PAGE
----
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Articles Blog

How Fish Swim

Karyn Planett

Swimming With The Fishes

Not in a “Sopranos” kind of way, but for real. When we sink below the surface of the tepid Pacific waters, a whole world unfolds before us. Like an aquatic ballet, millions of fish in a rainbow of colors zip to and fro turning on a dime at the command of their alpha fish or dodging a predator’s dark shadow. These animals are magical, a constant source of enjoyment … from a glass-bottomed boat, behind an aquarium window, or within an arms length while snorkeling or diving. Their magic deserves a closer look. 

Mr. Wizard Chimes In

For the record, there are some 25,000 known species of fish. And, they all fall into one of three categories – the jawless, the cartilaginous, and the bony fish. An example of the first group, the most primitive of the lot dating back some 500 million years, is the lamprey. Among the cartilaginous ones are the sharks and skates that only came onto the scene 400 million years ago. They don’t have bones only a cartilage skeleton thus the easier on the diner. They do, however, have nasty teeth and can be a tad unfriendly if provoked. And the last group, though bony, has the long-envied, oft lusted-after swim bladder. See what evolution gets you! They count among them some 20,000 of the known species therefore representing the most numerous. You’ve got your eels, catfish, salmon, perch, pike, herring, even seahorses among the bony group so they’re virtually everywhere.

Let’s Do Some Dissecting

To discover exactly how fish … ahem … swim, let’s look at their anatomy. As with people, the sleek and trim among the school move through their obstacles with ease. The density of the water impedes forward movement so Mother Nature designed fish to be slim and slimy. Your fast swimmers actually flex their muscles one side then the next to wriggle merrily along rather like a snake in the grass. Large tail fins add a bit of a kick to the forward movement while the body fins serve as stabilizers. These body fins can also lie flat against the fish’s torso to further streamline its profile.

Now some fish sorta row themselves along with fluttery pectorals, deprived of all other means of propulsion. A good example of this is the adorable seahorse, one of the sea’s most lovable creatures (ruling out the other all time favorite, the sea slug). Flying fish sport pecs that have evolved into wings that help propel them across the waves when escaping from someone wanting to eat them. Rays themselves have large and very powerful pectoral fins that also resemble wings to let them glide along almost effortlessly. They are truly poetry in motion.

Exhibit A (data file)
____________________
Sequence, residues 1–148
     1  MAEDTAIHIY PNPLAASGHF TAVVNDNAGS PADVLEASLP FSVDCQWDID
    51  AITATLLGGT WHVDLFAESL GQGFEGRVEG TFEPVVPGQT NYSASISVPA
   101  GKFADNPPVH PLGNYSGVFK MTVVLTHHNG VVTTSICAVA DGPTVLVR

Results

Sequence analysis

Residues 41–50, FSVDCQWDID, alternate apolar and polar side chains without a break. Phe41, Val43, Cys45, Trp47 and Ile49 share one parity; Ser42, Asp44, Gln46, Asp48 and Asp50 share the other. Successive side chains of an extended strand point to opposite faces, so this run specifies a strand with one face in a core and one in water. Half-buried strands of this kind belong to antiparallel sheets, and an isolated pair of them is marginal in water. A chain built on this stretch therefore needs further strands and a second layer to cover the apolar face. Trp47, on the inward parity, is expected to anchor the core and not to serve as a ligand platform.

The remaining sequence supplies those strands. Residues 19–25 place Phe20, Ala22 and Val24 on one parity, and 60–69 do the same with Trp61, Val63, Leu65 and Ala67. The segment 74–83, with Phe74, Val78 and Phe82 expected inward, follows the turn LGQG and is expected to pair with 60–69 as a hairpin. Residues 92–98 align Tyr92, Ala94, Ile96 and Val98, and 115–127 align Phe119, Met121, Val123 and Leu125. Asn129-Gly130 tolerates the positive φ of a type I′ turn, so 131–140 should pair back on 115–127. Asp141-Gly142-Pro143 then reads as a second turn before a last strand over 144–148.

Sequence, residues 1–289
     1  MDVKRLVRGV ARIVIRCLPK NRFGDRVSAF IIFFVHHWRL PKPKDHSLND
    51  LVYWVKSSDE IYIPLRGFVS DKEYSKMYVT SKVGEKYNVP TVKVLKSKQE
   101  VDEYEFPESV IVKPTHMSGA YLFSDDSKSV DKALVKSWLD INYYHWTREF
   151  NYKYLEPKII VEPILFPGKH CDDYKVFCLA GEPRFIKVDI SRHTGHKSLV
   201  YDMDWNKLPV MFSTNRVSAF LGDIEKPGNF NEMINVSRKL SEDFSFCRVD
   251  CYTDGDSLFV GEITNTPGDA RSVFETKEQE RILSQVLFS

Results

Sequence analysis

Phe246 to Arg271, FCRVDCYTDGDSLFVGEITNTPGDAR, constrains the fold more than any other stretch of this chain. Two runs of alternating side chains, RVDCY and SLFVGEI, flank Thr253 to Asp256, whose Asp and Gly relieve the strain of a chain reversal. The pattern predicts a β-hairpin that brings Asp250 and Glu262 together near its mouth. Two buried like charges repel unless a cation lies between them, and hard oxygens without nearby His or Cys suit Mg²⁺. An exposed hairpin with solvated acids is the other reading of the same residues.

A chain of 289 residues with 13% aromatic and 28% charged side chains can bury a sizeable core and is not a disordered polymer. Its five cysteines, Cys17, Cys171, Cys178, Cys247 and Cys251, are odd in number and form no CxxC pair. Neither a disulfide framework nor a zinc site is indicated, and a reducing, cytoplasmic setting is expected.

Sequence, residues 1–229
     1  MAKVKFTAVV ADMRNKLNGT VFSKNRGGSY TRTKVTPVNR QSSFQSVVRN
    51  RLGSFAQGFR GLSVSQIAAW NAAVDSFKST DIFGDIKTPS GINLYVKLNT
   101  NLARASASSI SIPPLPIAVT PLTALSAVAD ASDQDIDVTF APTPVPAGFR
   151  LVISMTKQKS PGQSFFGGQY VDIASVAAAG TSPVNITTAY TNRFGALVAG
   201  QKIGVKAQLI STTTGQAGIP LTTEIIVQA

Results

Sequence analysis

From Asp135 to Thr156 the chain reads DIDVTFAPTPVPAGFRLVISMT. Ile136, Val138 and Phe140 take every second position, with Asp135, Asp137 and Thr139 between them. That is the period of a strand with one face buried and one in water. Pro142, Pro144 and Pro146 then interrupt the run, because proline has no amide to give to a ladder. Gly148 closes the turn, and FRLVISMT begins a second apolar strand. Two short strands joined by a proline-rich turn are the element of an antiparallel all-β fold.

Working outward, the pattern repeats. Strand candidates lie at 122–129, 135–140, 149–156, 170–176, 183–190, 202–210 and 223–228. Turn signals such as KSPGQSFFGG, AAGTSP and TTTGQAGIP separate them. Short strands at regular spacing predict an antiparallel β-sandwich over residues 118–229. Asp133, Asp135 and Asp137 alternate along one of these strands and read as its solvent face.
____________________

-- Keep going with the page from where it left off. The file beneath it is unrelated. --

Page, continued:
How Fish Float

Well, that’s pretty tricky. Many fish actually sink, which is dicey for those who aren’t bottom fish. This is exactly why sharks swim tilted upward, to combat gravity not just to see if you’re watching from above. Their oily livers and light-as-a-feather skeletons help them stay afloat. Then you’ve your pike that’s developed a different solution to the problem – an inflatable gas bladder! You guessed it. By controlling the amount of gas in his bladder, he can float merrily along blissfully unaware of the scorn from his fellow pike who don’t dare suggest playing “pull the fin” if you know what I mean. Such is life.

Some Factoids To Remember 

·               A fish’s body temperature is consistent with the surrounding water temperature.

·               Swordfish have been known to swim 60 mph and can actually poke a hole in a wooden boat at that speed.

·               Some catfish in Africa actually swim upside down enabling them to skim the water’s surface with their opened mouth in search of a good meal.

·               There are flatfish that actually propel themselves along by gasping in huge mouthfuls of water then squirting them out through their gills with such force it reminds us of a sort of liquid jet engine or aquatic SuperSoaker.

Well, all this matters not to those of us simply looking for a delicious, delicately poached piece of fresh fish dressed with a delightful white wine and lemon froth. We’re quite happy, in fact, that someone was cagey enough to outsmart the little buggers and catch them for our supper. Sorry as that may be we are, after all, thankfully higher on the food chain.